"I have found the Ofis store I visited bland in its exterior appearance compared to Officeworks’ big blue box stores which are so distinct. Ofis’ range also appeared to be narrower in general office products. Most importantly, the experience did not leave me with a compelling reason to return."


Another customer is more complimentary: "I have been to Ofis’ Auburn store in Sydney. It is by my estimate 60-70 percent the size of an Officeworks equivalent. The store is well presented, with clean, clear signage and category layout. The space allocation is heavily biased towards technology products and relatively under-represented in traditional stationery and furniture. It has a sizeable print/copy centre. The salesperson I spoke with was extremely computer/technology literate. The store was very quiet when I was there. It seems for now that Ofis is somewhat of a hybrid between Officeworks and one of the Harvey Norman computer stores."


As this customer points out, Ofis’ stores are essentially divided into four zones – print shop, stationery, IT and office furniture. English admits that the product mix is a work in progress, with stationery products on the list of SKUs to improve on. He says:
"Revenue-wise, about 30-40 percent comes from our stationery business, the balance is a mix of technology, office furniture and our print shop. The main difference between an Ofis and a Harvey Norman store is the stationery and print shop offering. At the moment the mix is not quite what we want it to be, but the stationery business is getting larger every month."


Given the small store count and the still developing stationery offering, the effect that Ofis will have on Officeworks specifically and the market as a whole looks negligible in the short to medium term. That’s not to say the competition can ignore the threat that Ofis might pose in the longer term, with broadline as well as specialist retailers likely to be the hardest hit.


Andrew Boath, CEO of leading Australian independent dealer group Office National, adds: "Gerry Harvey has proven to be a highly skilled retailer, so any corporate business or independent dealer with a retail presence has cause for concern.
As far as dominant player Officeworks is concerned, it has underperformed the market over the last year or two in terms of sales growth. One of the reasons for this has no doubt been the extended period of distraction that culminated in Coles Myer being put up for sale and eventually being bought by Wesfarmers at the end of last year. A cut-back in consumer spending and a slowing economy have also led to relatively flat sales in Officeworks’ most recent quarter. As Penfold says: "Officeworks needs to get its house in order as quickly as possible while at the same time protecting its most valuable asset – its portfolio of properties/leases – and trying to block Ofis. No doubt there will be fierce competition for new sites over the next few years."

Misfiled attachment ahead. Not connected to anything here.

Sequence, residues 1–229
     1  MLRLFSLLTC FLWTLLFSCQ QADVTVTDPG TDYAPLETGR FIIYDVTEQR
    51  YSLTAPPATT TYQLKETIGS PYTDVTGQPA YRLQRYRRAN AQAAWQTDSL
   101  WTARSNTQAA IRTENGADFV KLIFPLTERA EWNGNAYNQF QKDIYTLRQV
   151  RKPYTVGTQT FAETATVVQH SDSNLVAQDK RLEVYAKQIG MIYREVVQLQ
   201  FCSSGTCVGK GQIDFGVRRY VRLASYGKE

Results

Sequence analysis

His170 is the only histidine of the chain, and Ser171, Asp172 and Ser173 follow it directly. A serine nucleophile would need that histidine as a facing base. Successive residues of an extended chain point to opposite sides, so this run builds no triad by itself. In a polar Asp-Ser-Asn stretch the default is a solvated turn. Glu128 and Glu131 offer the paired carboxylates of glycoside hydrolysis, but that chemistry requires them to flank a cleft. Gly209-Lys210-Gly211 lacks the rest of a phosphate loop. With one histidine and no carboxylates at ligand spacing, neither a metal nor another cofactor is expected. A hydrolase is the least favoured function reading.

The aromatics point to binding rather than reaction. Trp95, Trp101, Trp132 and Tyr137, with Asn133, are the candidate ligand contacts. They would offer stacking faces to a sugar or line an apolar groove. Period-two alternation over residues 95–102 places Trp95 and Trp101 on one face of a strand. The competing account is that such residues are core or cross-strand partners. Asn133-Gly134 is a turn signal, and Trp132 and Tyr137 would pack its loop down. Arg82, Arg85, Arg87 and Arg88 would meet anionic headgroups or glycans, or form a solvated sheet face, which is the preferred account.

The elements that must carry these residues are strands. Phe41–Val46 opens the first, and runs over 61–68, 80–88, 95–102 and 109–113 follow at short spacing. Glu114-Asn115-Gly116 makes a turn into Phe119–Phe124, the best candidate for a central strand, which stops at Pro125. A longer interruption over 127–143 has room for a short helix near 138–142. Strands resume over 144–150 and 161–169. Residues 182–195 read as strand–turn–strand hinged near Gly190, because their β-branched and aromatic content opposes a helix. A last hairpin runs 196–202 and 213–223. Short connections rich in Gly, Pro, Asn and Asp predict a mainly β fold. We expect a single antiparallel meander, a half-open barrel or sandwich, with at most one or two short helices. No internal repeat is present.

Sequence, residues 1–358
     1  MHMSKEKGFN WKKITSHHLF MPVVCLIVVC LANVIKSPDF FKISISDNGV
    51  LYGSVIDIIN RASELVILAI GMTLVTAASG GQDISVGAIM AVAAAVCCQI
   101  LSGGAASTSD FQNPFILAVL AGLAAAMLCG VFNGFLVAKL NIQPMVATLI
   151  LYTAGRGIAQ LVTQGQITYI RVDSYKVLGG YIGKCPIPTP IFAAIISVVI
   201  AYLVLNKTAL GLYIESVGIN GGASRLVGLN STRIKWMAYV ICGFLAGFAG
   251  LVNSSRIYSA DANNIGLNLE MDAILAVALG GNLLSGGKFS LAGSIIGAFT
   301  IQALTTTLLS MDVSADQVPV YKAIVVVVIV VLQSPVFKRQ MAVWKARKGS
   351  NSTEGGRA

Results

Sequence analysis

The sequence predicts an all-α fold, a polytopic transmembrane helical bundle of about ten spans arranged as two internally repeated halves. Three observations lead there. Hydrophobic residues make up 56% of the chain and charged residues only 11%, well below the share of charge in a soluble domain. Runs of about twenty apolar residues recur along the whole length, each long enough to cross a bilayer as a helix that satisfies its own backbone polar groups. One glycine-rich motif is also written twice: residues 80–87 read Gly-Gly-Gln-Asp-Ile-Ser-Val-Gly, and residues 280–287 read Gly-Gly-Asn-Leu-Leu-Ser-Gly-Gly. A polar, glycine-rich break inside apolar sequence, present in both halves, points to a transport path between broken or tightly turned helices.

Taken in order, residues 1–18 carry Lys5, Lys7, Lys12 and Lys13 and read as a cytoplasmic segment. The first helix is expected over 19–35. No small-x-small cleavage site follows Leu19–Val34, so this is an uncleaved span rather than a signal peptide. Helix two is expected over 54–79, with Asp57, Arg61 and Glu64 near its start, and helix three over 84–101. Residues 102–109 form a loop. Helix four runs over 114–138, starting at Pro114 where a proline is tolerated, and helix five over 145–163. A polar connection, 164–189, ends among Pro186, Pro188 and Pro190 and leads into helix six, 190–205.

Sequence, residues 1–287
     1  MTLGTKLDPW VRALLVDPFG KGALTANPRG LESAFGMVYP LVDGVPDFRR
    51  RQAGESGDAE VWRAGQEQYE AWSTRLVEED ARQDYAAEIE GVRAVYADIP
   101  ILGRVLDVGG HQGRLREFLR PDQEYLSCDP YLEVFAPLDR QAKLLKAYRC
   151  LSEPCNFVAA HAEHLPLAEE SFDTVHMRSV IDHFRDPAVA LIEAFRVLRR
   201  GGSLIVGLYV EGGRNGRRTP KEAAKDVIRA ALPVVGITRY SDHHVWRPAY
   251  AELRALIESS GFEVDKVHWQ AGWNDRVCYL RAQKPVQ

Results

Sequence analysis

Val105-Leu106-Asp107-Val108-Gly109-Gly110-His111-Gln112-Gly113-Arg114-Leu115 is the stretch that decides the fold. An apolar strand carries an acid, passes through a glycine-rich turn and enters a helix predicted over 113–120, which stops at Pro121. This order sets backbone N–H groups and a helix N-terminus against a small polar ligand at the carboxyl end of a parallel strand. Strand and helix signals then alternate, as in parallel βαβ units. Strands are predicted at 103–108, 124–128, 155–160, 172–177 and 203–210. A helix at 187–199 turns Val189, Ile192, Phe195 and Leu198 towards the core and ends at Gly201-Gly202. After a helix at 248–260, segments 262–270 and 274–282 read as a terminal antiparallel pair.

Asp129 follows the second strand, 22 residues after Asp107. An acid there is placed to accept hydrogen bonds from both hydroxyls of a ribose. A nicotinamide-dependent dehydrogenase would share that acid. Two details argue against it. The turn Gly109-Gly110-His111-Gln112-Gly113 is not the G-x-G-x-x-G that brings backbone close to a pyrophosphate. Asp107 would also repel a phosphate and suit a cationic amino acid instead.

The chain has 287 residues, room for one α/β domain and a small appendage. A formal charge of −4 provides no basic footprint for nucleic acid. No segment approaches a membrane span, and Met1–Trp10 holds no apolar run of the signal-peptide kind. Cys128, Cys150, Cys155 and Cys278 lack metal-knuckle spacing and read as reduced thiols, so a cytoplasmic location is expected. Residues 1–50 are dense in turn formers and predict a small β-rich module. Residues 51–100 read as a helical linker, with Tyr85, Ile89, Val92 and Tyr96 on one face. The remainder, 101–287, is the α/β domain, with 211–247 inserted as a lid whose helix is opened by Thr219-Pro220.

Price wars
For now, the two companies appear to be locking horns over their pricing strategies. Officeworks has recently changed its pricing policy to be ‘Lowest All Year Round’ compared to Ofis’ catchphrase of ‘Best Prices Every Day’. Any suggestion that Officeworks made this move in direct response to Ofis’ appearance on the OP scene has been largely dismissed by industry peers, particularly as this strategy is entirely in line with the policies of hardware chain Bunnings which, together with Officeworks, is now part of Wesfarmers’ Home Improvement and Office Supplies Division.


Aside from creating margin pressures for the two retail chains themselves, their pricing and discounting policies will also have an impact on the country’s independent dealers, especially those with a retail presence.


This impact will be all the more pronounced if Ofis follows up on its intention to also establish a B2B presence, an essential move if it wishes to match Officeworks’ offering and become a full-on competitor in the market. Officeworks already has a commercial operation with Officeworks Business Direct, the former Viking business the company bought five years ago.


A fully functional e-commerce presence is equally important, with some quarters expressing surprise that online ordering capabilities weren’t on offer from day one.


English is pragmatic about such criticism. "In a perfect world, we would have launched Ofis stores and the website together. But we knew from the start that we had to look where to pull our resources initially and we decided to go for stores first.
E-commerce is a complex business and you have to do it correctly, so we’ve taken the cautious approach." With regards to a launch date, he is non-committal. "We were planning on launching before the end of this calendar year, but we held back on that because we wanted to make sure that we launch with the right tool set. The initial launch will probably be B2B first and then we do a consumer offering. "We were originally going to do it the other way round, but have since decided that we’re first going to focus on our business customers. We’re getting daily enquiries from customers asking when our e-commerce platform will be up and running."


With a future B2B offering firmly in mind, English warns against comparing Ofis to Officeworks and regarding the two as the main battle going forward. He says: "Everybody pitches us against Officeworks and it probably is our main competitor, but we’re looking at everybody – Office National, OfficeMax, Lyreco, Corporate Express… We’ve got to attack all angles of the marketplace." The last one of these potential rivals – Corporate Express Australia – and the biggest OP operator in the market after Officeworks, raises an entirely different prospect following the coming together with Staples.


Will Staples at some stage in the future be interested in creating a retail operation in Australia? Corporate Express is a well known and respected brand in the country while, to the general public, Staples is not. Add to that the real estate challenges in the country and a greenfield operation seems very unlikely indeed at any time. But what, if in a few years’ time, Ofis has built up a sizeable portfolio of stores and Gerry Harvey receives an attractive offer from Ron Sargent to sell the chain before heading into retirement? Speculation indeed. For now, Ofis is taking a step at a time in its pursuit of a sizeable chunk of the Australian OP market.